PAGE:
In this review, an overview of the immunopathogenesis and a detailed review of the emerging autoimmune-mediated etiology of INS are described.

T cells

MCD/INS has been considered a T cell-mediated disorder since 1974, when Shalhoub [3] proposed the hypothesis that MCD is a systemic disorder of T cell dysfunction that results in increased plasma levels of lymphocyte-derived permeability factors. Shalhoub’s hypothesis was based on several clinical observations: (1) the lack of evidence of a humoral antibody response (the absence of immune complexes in glomeruli); (2) remission induced by measles, which suppresses cell-mediated immunity; (3) the therapeutic response to steroids and cyclophosphamide, which also suppresses cell-mediated responses, and (4) the occurrence of this syndrome in T cell-derived Hodgkin disease. Additionally, the susceptibility of untreated patients to pneumococcal infections may be of primary or secondary pathogenic importance. Lagrue et al. [4] in 1975 reported the first experimental evidence for the pathophysiological role of lymphocytes in INS by showing that intradermal injection of concanavalin A-stimulated lymphocyte culture supernatants from patients with MCD resulted in the liberation of a soluble lymphokine that increased the permeability of guinea pig skin capillaries.

Thereafter, many observations have indicated that INS is caused by soluble permeability factors in the plasma. In 1984, Zimmerman [5] showed that serum from patients with post-transplant relapse of INS can induce proteinuria in rats. In 1991, Koyama et al. [6] provided strong experimental evidence that supernatants from T-cell hybridomas from patients with MCD can induce proteinuria in rats.

It is well known that idiopathic FSGS rapidly recurs in 40% to 60% of transplant recipients [7], and there have been several lines of evidence indicating a direct or indirect role of circulating glomerular permeability factor in the development of recurrent FSGS: (1) very rapid recurrence within hours after renal transplantation [8]; (2) the efficacy of plasma exchange and selective apheresis methods in treating this condition [9,10]; and (3) resolution of recurrent FSGS after rapid graft re-transplantation from a patient with FSGS recurrence to a diabetic recipient [11]. In addition, transplacental passage of the glomerular permeability factor can induce transient NS in the fetus [12]. These observations have prompted studies to identify circulating permeability factors, focusing on T cell products. Several candidate molecules have been identified, including T-helper 1 (Th1) cytokines (tumor necrosis factor-α [TNF-α], interleukin [IL]-2, and IL-18), T-helper 2 (Th2) cytokines (IL-4 and IL-13), and T-helper 17 (Th17)-related cytokines (IL-17, IL-1β, IL-6, and IL-23) [13,14].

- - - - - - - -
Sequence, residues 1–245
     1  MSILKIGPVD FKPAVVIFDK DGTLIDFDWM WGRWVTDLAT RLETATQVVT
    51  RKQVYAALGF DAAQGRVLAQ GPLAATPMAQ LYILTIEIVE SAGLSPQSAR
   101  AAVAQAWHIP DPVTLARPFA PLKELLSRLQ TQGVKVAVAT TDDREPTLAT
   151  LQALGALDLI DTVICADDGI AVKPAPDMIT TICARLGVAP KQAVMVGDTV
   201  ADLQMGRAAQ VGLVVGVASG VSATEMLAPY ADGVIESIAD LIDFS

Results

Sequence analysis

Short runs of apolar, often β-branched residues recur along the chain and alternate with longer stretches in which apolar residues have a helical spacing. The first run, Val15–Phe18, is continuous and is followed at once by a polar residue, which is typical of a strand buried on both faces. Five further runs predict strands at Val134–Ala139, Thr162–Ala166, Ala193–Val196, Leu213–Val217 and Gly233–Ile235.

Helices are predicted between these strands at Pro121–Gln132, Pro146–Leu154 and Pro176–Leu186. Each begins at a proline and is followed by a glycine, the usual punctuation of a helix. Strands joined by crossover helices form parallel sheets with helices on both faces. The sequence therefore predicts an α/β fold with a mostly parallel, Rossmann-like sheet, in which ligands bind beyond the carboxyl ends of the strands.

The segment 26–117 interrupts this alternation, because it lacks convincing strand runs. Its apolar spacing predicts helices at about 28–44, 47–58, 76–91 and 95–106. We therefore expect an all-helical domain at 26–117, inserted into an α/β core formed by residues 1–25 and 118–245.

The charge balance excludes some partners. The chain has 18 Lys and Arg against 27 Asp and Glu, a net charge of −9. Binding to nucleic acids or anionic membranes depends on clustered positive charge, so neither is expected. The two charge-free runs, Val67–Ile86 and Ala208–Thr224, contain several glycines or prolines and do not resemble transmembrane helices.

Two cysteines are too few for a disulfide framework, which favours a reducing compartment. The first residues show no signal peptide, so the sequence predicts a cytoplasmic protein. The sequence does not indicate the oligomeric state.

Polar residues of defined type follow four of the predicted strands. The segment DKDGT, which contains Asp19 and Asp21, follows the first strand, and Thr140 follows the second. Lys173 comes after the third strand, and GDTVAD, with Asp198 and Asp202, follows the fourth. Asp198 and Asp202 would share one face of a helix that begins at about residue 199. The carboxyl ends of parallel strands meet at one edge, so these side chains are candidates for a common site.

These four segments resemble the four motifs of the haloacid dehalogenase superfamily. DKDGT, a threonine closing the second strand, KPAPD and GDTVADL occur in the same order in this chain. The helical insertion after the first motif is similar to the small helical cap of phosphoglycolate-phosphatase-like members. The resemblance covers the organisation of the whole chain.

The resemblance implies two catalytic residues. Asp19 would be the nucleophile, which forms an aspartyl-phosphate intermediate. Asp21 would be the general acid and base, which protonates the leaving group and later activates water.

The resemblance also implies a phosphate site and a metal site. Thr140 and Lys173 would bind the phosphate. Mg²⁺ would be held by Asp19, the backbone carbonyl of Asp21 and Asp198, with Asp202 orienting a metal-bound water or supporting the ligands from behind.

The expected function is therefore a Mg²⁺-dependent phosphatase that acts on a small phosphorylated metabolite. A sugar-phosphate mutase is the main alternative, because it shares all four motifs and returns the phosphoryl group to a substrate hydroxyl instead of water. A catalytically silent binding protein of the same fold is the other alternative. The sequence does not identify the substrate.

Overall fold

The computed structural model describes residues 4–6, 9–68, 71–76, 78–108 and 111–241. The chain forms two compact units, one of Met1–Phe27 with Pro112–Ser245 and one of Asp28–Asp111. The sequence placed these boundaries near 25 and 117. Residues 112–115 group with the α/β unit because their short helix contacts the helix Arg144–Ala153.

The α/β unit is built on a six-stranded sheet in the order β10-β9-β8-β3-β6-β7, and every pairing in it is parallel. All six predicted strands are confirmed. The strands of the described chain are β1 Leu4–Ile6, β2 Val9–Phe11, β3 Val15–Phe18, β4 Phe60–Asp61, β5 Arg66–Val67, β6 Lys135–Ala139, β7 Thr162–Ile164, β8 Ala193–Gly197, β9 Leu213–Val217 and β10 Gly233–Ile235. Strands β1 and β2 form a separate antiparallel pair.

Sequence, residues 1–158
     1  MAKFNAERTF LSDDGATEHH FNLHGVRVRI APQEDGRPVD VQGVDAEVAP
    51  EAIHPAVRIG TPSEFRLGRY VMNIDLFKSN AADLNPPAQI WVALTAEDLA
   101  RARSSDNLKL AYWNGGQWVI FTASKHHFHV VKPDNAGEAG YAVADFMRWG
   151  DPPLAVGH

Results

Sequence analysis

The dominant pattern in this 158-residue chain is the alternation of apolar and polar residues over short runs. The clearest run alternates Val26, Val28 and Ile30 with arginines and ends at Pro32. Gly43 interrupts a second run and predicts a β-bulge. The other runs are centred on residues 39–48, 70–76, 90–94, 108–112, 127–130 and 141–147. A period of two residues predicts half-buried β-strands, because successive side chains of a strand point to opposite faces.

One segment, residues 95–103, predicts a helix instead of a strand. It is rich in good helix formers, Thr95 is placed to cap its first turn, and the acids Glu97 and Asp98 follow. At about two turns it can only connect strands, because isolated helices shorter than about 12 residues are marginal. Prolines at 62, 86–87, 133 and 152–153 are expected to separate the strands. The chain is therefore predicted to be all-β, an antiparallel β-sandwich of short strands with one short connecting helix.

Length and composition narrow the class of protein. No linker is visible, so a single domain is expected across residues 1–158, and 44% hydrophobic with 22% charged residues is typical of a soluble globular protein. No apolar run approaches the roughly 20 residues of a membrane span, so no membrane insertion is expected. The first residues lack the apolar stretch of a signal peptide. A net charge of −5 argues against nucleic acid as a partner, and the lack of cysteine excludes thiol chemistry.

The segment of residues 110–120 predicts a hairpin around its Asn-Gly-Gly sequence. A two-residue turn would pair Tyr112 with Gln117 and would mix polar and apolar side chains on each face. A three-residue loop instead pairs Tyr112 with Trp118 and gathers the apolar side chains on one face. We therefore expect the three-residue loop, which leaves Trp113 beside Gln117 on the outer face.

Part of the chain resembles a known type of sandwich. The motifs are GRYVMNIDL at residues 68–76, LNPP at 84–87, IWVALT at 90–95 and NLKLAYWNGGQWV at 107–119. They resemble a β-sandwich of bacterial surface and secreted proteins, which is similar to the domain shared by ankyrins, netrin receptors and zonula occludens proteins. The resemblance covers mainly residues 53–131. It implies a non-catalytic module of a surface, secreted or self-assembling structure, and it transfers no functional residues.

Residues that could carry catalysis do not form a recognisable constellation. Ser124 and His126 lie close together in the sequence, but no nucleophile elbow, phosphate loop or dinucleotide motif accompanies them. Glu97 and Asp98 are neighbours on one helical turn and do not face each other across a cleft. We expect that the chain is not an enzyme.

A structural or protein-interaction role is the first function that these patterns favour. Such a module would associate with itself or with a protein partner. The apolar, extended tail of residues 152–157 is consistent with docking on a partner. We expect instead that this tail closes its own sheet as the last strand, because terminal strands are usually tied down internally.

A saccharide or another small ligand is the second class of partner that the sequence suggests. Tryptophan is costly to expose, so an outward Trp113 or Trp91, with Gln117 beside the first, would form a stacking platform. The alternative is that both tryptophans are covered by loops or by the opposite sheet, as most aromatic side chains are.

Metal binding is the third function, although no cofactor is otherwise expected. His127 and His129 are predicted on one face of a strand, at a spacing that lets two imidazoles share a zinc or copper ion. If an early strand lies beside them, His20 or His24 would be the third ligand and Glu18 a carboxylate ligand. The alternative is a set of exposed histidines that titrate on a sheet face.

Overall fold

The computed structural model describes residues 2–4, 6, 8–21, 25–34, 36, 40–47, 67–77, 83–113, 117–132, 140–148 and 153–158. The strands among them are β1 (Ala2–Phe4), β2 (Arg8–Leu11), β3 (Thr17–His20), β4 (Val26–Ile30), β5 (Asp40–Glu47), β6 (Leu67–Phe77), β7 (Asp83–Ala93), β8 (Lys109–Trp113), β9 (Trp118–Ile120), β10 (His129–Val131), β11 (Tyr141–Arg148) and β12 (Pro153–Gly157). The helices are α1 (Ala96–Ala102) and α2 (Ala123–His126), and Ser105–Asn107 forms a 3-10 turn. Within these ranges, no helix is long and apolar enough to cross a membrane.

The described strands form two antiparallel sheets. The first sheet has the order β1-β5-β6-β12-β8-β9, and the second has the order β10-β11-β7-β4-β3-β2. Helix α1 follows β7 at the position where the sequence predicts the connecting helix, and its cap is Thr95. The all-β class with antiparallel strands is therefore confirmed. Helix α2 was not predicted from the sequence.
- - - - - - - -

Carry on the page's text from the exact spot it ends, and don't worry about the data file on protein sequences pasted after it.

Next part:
On the other hand, several studies have reported altered numbers or phenotypes of T cell subsets in patients with INS: (1) imbalance between T-helper (CD4+) and T-cytotoxic (CD8+) lymphocytes, with a predominance of CD8+ cells [15,16]; (2) Th1 and Th2 imbalance, with Th2 response predominance [17]; and (3) predominance of Th17 cells, with downregulated T-regulatory cells (Tregs) [18,19]. Immune dysregulation, polyendocrinopathy, enteropathy, and X-linked (IPEX) syndrome is a rare disease caused by genetic mutations in FOXP3, which encodes a transcription factor responsible for the generation and maturation of Tregs. The development of MCD in patients with IPEX syndrome supports the role of Treg dysfunction in INS pathogenesis [20,21].